Table 2 shows the independent predictors for vitamin D deficiency in multivariate analysis. In the final model, gender, age, governorate, parental education, vitamin D supplement and the number of times the participant walks to/from school per week were all significantly related to vitamin D deficiency. Data from the Food Frequency Questionnaire for calcium and vitamin D intake were available only for 200 study subjects, and of all food items, only eggs were significantly related to vitamin D deficiency in multivariate model (data not shown). We repeated the analysis above using hypovitaminosis (sufficient vs insufficient/deficient) as a binary outcome. The same factors were found to be significantly related to hypovitaminosis, although mother’s education (instead of father’s education) was found to be significant in this analysis. We also used linear regression to identify the factors associated with vitamin D level as a continuous variable. Factors that showed significant association with vitamin D level in multivariate analysis were age, gender, governorate, passive smoking at household, number of times per week the participants consumed breakfast prepared outside home in the last 3 months, time spent outdoor during weekdays, preference to stay in shade or under the umbrella, and BMI categories. With respect to dietary factors, milk and cheese, fast food hamburger and tuna fish were significantly associated with vitamin D level in univariate linear regression. When these food items were introduced to the final model, only milk and tuna fish were significantly associated with vitamin D level. It is worth noting that the best model was able to explain only 45% of the variability in vitamin D level in this analysis.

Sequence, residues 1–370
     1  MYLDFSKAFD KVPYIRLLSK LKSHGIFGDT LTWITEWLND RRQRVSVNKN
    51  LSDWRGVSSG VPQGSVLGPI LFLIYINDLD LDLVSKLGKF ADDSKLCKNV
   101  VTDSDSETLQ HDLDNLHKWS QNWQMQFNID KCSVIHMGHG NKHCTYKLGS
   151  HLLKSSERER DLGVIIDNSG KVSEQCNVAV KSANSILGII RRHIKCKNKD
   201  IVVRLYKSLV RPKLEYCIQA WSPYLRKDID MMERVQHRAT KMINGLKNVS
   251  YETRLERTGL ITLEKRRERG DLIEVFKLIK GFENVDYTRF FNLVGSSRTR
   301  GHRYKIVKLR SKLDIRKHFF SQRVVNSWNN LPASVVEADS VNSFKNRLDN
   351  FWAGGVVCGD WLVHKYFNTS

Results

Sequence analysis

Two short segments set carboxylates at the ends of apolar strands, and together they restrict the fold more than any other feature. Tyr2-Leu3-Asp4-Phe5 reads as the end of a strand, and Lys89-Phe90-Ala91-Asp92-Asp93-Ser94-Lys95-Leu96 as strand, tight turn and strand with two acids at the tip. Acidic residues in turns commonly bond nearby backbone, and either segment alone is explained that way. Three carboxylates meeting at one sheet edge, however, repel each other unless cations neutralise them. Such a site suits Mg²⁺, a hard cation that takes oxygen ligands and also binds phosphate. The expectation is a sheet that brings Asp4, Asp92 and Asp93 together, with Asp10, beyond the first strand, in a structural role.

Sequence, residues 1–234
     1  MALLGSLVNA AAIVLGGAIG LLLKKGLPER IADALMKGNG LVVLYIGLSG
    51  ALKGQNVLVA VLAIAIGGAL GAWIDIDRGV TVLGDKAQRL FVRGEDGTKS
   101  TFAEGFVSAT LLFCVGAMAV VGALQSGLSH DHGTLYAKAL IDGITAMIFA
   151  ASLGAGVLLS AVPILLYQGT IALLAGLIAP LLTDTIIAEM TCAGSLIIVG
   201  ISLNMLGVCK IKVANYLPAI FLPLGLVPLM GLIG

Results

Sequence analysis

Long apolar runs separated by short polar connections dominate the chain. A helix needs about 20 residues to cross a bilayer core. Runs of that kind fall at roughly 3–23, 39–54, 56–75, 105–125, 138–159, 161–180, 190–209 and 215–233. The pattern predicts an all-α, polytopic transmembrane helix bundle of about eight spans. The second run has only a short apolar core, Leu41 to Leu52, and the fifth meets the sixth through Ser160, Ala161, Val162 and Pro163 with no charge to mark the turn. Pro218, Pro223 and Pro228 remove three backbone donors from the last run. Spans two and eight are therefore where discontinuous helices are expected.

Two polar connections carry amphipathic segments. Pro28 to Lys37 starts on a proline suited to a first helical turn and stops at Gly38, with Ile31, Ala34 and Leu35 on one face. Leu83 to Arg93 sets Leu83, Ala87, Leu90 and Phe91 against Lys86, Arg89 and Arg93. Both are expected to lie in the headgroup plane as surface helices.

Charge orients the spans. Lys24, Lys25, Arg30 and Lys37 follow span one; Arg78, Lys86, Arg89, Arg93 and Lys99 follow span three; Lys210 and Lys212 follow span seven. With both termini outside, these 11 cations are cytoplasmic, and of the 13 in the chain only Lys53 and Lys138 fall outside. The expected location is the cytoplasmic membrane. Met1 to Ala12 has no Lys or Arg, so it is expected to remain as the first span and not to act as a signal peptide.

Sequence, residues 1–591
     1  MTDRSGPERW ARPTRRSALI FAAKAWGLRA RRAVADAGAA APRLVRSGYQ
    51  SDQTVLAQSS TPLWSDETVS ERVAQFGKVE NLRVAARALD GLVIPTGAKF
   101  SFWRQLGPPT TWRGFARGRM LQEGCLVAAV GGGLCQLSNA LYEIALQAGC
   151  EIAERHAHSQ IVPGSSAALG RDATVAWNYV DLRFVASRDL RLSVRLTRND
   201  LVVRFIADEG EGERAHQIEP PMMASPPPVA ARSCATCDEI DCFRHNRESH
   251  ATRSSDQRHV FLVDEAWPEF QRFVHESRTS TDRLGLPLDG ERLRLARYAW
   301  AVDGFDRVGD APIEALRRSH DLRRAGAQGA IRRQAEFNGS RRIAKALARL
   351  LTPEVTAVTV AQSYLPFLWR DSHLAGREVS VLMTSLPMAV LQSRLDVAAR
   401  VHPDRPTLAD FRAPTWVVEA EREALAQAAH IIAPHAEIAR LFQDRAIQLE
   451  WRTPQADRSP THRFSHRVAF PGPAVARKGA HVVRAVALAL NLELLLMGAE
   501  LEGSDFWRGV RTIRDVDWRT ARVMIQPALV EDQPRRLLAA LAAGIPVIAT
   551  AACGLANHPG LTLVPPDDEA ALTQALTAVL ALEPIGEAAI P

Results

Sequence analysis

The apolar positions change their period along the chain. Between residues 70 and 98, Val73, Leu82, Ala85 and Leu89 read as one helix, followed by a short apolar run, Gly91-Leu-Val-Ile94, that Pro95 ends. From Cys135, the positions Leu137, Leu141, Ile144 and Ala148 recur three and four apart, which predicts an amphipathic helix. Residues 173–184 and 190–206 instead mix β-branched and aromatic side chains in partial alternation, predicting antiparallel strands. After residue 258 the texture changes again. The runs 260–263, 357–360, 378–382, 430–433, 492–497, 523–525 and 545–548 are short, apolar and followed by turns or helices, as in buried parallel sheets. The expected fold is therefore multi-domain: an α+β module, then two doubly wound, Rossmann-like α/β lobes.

Although several reports have described vitamin D deficiency among adults in the Arab states in the Gulf region, there are limited data on the prevalence of vitamin D deficiency among healthy adolescents.
We used a nationally representative sample to examine vitamin D levels in a large number of healthy adolescents, becoming to our knowledge the largest study focusing on this group in Kuwait. We used the recommended method to measure vitamin D level and demonstrated that vitamin D deficiency is too common despite the abundant sunshine. Secondary hyperparathyroidism due to vitamin D deficiency is also common and girls had lower vitamin D levels compared with boys.